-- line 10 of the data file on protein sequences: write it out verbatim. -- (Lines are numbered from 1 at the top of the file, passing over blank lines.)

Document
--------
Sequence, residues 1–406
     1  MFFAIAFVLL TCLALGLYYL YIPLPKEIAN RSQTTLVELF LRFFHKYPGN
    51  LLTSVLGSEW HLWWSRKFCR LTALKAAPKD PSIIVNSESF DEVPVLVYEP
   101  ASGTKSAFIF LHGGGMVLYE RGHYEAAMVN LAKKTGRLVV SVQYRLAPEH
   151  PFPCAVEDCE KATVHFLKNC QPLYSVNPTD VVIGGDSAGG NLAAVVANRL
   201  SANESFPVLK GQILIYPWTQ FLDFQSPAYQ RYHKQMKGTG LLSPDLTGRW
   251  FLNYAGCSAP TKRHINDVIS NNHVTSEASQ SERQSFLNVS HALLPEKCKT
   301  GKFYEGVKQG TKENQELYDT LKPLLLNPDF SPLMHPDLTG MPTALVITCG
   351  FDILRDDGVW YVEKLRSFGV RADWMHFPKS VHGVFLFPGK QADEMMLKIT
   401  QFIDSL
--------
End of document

   401  QFIDSL